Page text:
Unbound Gravel Course 2022 | Cycling news

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Unbound Gravel 200 is famous for

Unbound Gravel 200 is famous for its “primitive” routes in the Flint Hills of Kansas (Image credit: Lifetime)
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Basic roadmap for 2022 Unbound Gravel 200

Roadmap for 2022 Unbound Gravel 200 (Image credit: Lifetime)
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Elevation Profile for 2022 Unbound Gravel 200

Altitude profile for 2022 (Image credit: Lifetime)

The Garmin Unbound Gravel presented by Craft returns on June 4 with its flagship 200-mile event through the Flint Hills of Kansas. The men’s and women’s mass start will take place outside Granada’s historic theater at 6:00 a.m. local time, which will feature the majority of the 60 elite riders, both men and women, vying for the inaugural Life Time Grand Prix presented by Mazda title series. Unbound Gravel 200 is the second and longest leg of the six-race series.

The route for Unbound Gravel 200 begins and ends on the pavement in downtown Emporia, but in between there are sharp rocks, steep drops in and out of ravines, and rough roads through the now infamous Flint Hills that meander through the tall grass prairie in the middle of the United States. The single-loop format follows routes that the organizers describe as “fairly primitive in nature”. Rain can turn dirt roads into thick mud.

This year’s route will head south from the start, into Greenwood and Chase counties. There are constant ups and downs that add up to 9,700 feet of elevation gain over the 204.6 mile course.

There are two checkpoints in Eureka (mile 77.3) and Madison (mile 164.3), where runners can receive outside assistance. There are also two neutral “water oasis” stops, Texaco Hill (mile 41) and Hamilton (mile 119), where only water is provided and support crews are not permitted.

Course Highlights

Race director Ben Sachs unveiled the new course via an Instagram video on May 18.

“There’s some really cool stuff along the way. The most interesting section is probably the one around Texaco Hill [first water oasis], which in previous courses like 2016 to 2018 that went the same way, everything was stuck in the first 60 or 65 miles. I kind of remixed things so that we went further and later came back to this cool high country and open range stuff,” he said.

“I’ve been known to be a sadist in picking the roughest roads possible, and I’ve reminded that a bit with so many people, I think picking slightly safer roads is a good way to go. I climbed as much as possible. I downplayed things like Rocky Ford, which was so slick and muddy (in 2016). There are a few sections of rough roads.”

Below are some of the course highlights provided by Sachs.

  • The opening section of the 200 mile course heads west and skips the section which can be very muddy if it rains, which happened in 2015
  • Runners will head south for the tower climb (radio towers) heading south to open up the range to Camp Creek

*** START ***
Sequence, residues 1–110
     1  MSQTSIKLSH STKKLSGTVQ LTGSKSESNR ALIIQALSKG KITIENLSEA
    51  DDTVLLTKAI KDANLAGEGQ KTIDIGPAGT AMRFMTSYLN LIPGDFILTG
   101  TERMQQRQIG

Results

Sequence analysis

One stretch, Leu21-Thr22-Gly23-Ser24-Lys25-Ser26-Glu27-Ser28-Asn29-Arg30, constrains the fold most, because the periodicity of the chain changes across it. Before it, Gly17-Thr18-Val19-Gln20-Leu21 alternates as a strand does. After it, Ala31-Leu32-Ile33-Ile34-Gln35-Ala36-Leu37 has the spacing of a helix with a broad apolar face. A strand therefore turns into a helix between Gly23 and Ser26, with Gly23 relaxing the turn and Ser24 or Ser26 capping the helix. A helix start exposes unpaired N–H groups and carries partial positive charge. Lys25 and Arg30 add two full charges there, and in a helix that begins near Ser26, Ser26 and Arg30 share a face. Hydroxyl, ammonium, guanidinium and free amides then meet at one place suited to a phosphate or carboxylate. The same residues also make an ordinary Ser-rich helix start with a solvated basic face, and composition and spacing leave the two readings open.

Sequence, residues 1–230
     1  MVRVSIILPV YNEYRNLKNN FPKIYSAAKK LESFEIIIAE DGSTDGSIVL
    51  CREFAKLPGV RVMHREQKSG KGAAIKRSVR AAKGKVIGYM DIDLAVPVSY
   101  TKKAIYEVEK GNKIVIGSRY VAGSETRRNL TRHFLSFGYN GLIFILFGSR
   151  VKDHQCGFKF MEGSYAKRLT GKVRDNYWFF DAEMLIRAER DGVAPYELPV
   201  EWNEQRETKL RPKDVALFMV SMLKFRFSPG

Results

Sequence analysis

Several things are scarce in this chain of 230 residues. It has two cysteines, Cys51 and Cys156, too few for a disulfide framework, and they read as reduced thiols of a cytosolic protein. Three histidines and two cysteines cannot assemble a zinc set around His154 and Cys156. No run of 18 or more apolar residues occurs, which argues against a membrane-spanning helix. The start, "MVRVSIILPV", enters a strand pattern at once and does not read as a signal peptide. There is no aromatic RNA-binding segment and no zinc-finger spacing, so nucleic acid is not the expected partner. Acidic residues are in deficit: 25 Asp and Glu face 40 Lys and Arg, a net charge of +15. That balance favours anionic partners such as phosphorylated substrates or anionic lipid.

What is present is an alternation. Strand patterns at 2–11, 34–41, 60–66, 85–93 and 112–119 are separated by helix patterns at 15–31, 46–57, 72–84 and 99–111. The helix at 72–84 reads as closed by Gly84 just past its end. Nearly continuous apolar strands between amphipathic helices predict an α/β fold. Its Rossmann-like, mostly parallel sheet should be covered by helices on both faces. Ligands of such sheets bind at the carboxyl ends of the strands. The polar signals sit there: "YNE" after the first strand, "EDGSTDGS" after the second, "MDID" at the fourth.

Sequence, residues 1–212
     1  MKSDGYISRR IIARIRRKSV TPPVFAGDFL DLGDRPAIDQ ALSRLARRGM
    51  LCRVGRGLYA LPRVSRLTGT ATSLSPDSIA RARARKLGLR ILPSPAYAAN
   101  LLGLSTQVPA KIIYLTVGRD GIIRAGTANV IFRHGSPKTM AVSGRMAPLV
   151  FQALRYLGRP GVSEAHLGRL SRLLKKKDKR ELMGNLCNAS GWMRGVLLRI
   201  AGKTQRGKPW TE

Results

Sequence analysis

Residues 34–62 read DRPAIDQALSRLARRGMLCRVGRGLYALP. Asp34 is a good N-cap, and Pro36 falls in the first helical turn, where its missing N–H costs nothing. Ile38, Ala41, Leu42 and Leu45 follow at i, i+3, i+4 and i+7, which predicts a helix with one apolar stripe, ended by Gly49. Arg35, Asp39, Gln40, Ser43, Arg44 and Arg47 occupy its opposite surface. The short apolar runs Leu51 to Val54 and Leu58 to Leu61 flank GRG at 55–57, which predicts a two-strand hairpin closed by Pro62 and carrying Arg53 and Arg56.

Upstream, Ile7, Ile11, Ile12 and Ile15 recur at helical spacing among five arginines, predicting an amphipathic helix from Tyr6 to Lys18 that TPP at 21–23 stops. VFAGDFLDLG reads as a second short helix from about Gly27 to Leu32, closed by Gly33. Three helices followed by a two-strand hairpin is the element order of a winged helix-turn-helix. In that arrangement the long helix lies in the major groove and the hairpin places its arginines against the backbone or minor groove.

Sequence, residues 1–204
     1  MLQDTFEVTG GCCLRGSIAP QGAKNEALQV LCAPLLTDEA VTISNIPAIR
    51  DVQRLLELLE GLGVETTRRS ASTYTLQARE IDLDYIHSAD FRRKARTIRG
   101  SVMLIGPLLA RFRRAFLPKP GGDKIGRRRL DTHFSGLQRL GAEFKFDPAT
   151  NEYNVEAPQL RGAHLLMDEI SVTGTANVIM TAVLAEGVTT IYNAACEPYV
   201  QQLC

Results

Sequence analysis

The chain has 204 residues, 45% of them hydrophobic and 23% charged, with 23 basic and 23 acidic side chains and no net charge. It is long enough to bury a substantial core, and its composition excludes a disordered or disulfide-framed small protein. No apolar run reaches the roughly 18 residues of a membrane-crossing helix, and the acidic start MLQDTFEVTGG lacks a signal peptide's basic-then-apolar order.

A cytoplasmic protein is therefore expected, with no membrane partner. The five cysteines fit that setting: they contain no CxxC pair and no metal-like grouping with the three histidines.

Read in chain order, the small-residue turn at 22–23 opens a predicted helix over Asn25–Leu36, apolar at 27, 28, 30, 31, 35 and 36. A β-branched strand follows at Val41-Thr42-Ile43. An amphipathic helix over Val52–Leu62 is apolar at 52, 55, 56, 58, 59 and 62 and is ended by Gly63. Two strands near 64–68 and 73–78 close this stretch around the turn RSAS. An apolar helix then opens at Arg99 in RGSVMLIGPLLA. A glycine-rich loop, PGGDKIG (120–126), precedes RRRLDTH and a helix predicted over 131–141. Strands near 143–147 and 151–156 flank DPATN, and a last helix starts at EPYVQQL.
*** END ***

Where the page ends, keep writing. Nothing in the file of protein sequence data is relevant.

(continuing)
• At mile 27 there is a major river crossing at Camp Creek, a tributary of the Verdigris River
  • Once at Madison Road, there is a more open area where riders might encounter some livestock. “Be very respectful, take it slow,” Sachs recommended.
  • At mile 41 is the first water oasis at Texaco Hill, then the 200 mile course veers away from the 100 mile course, which it shared from the start.
  • After the split, the 200-mile route has a tough descent over what people call “bottle hill,” a place where people tend to lose water bottles.
  • Shortly after, there is a bristling climb to Teeter Hill, then riders can spot wild mustangs just beyond on the ensuing rough roads heading south.
  • There’s another windy climb, “which you think is going to end and then it doesn’t”, and two more difficult climbs which can create splits before easy routes to Eureka, which brings the mile 77 for the first full high school checkpoint
  • Previous routes then moved east from Eureka, but this year the route continues south to take a “fun” hard-hitting climb to Canyon Hill.
  • The road then bends east and begins its return north crossing Highway 54 at Neal
  • There are scenic northbound roads with a canopy of trees leading to Hamilton, where the second water oasis is located.
  • In Hamilton there is a convenience store where passengers can buy drinks and snacks, which is also used by XL passengers
  • Beyond Hamilton there’s a new section at Willow Creek with a twisty downhill section and the dirt doesn’t easily turn to mud if it rains, but there are some fist-sized rocks, so cyclists should be careful
  • The course then makes a steady ascent into the hills on a different side of the Texaco Hill ridge than earlier, and rejoins the 100 mile course.
  • The route heads east again with a new ‘thorny’ approach from Madison on T Road, called Judge’s Hill, or simply The Judge
  • At about 153 miles, beware of a two-mile stretch of low-maintenance road outside of Madison that’s prone to mud
  • There’s a checkpoint at mile 164 in Madison.
  • From Madison the road travels north over grass and dual carriageway terrain on the county line for the 30 mile return leg to Emporia.